Bone broth is a simple soup stock made by cooking bones from beef, pork, lamb, goat, bison, poultry, fish, or other meats in water. Traditionally a convalescent food for humans recovering from illness, it has become a popular treat for dogs. Bone broth is promoted for the improvement of:
- Digestion and nutrient assimilation
- Skin, coat, and nail health
- Immune function
- Joint mobility
- Detoxification support
Bone broth is rich in gelatin, a protein-rich substance that, when heated and cooled, forms a gel-like texture (think Jello). Gelatin added to other foods aids digestion and provides minerals such as calcium, magnesium, phosphorus, and potassium. Because it contains some but not all of the essential amino acids, gelatin is nutritionally incomplete and should not be used as a stand-alone meal substitute.
How much bone broth to feed
The recommended daily amount for dogs is 1 fluid ounce per 10 pounds of body weight, such as 6 fluid ounces (3/4 cup) for a 60-pound dog. Start with smaller amounts to be sure your dog tolerates it well and increase gradually.
Several bone broth products, including dehydrated powders, are sold as canine nutritional supplements or meal toppers. Some are made from the bones of pasture-raised or grass-fed animals, which are considered more nutritious than factory farmed animal bones. Examples include Open Farm Bone Broth for Dogs and Caru Bone Broths for Dogs and Cats. Products made from human-grade ingredients include Honest Kitchen Bone Broth and Solid Gold Bone Broths.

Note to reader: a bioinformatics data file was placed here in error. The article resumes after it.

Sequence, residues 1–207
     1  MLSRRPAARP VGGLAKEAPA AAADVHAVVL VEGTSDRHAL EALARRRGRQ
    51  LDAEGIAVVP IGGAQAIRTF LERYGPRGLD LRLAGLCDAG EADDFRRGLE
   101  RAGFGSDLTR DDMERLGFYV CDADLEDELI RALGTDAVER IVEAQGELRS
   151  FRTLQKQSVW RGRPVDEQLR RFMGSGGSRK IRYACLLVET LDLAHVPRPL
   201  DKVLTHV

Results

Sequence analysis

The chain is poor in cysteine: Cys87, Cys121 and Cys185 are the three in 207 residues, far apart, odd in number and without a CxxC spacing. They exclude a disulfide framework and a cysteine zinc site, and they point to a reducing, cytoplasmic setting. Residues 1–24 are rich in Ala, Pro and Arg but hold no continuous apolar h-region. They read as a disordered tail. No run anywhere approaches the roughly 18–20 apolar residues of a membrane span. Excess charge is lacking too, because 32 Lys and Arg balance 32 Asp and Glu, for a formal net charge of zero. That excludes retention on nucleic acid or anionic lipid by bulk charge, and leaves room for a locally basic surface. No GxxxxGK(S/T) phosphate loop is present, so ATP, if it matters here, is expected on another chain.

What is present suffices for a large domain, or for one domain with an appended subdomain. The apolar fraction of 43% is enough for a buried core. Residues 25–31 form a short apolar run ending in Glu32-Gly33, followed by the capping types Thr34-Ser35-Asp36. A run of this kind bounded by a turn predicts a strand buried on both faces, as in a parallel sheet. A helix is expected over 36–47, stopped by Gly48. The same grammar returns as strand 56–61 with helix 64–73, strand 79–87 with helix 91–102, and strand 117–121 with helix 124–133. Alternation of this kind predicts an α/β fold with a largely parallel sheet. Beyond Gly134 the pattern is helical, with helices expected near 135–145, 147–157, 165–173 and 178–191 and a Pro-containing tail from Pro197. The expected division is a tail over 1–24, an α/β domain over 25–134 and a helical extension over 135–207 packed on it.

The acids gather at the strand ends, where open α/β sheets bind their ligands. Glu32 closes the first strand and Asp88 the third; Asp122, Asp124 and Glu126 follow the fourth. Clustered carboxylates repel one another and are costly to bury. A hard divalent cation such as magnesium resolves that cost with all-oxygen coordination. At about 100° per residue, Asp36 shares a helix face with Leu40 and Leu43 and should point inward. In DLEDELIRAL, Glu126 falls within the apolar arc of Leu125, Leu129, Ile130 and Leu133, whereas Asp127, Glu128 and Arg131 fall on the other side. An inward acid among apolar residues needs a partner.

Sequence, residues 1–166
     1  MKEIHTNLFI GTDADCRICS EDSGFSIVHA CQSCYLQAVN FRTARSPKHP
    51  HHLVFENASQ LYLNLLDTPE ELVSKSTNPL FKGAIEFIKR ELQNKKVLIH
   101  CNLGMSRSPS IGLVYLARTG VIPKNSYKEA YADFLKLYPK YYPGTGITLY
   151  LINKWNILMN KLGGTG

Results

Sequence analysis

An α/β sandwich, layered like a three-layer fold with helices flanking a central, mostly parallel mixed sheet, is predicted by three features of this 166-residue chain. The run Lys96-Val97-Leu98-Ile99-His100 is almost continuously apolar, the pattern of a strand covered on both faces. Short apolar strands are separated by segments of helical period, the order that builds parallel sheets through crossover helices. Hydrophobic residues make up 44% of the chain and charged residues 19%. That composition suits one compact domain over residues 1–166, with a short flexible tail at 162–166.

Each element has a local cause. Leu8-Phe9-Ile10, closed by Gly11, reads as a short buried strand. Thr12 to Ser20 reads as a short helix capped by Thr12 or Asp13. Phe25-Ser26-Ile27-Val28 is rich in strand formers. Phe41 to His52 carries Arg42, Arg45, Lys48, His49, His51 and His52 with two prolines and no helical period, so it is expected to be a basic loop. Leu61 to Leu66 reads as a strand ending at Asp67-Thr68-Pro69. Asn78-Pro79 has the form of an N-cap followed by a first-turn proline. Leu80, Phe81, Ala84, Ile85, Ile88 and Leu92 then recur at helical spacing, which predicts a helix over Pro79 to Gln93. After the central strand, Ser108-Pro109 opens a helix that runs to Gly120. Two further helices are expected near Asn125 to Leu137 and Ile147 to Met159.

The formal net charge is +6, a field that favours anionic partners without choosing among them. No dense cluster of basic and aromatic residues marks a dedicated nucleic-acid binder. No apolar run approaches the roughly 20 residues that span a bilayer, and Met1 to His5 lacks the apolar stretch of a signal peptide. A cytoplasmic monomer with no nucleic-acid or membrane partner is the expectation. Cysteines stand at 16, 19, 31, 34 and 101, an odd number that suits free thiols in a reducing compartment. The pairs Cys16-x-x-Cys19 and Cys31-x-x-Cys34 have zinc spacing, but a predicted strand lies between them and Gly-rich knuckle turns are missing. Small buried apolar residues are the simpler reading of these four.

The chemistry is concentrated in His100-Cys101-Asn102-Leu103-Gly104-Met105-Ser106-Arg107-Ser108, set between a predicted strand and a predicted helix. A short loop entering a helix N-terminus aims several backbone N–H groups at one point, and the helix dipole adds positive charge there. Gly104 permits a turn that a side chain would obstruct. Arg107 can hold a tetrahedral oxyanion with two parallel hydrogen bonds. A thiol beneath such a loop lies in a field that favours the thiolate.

Made-for-dogs bone broths are a safer choice than broths sold for human consumption because they are less salty and don’t contain onions or other ingredients that can be toxic to dogs.
Bone broth recipe
Start with 3 to 4 pounds of raw or leftover bones with meat and connective tissue attached. In a large pot, slow cooker, or Instant Pot add enough filtered water to cover the bones by 2 inches. Add 1 tablespoon cider vinegar or lemon juice. If desired, add 4 cups chopped carrots, celery, pumpkin, green beans, or other dog-friendly vegetables. Let stand for 30 minutes before cooking to enhance the release of minerals.
- Stovetop: Bring to a boil, reduce heat to a bare simmer, cover with the lid slightly ajar, and cook for 24 hours (poultry bones) or 48 hours (beef or red meat bones).
- Slow cooker or crock pot: On low heat setting, cook for 24 hours (poultry) or 48 hours (beef, red meat).
- Oven: Bring ingredients to a boil on the stove, then transfer to a large oven-safe ceramic or metal pot with lid and bake, covered, at 150ºF for 15 to 24 hours
- Instant Pot: Close lid and set to cook on low pressure for 4 hours (poultry) or 5 hours (beef or red meat). Let pressure release naturally.
Strain broth through a fine mesh sieve or muslin fabric and transfer to jars for storage. Discard the layer of fat that collects at the top. Refrigerate for up to 7 days, freeze for up to 3 months.